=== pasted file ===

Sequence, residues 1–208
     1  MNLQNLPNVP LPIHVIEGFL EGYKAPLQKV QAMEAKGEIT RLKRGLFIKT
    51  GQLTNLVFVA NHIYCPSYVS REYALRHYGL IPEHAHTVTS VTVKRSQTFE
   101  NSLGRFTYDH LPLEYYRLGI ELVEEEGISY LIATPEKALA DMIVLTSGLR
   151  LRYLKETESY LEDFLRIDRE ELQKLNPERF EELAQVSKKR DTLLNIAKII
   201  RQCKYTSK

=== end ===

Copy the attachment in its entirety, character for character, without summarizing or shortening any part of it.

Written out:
Sequence, residues 1–208
     1  MNLQNLPNVP LPIHVIEGFL EGYKAPLQKV QAMEAKGEIT RLKRGLFIKT
    51  GQLTNLVFVA NHIYCPSYVS REYALRHYGL IPEHAHTVTS VTVKRSQTFE
   101  NSLGRFTYDH LPLEYYRLGI ELVEEEGISY LIATPEKALA DMIVLTSGLR
   151  LRYLKETESY LEDFLRIDRE ELQKLNPERF EELAQVSKKR DTLLNIAKII
   201  RQCKYTSK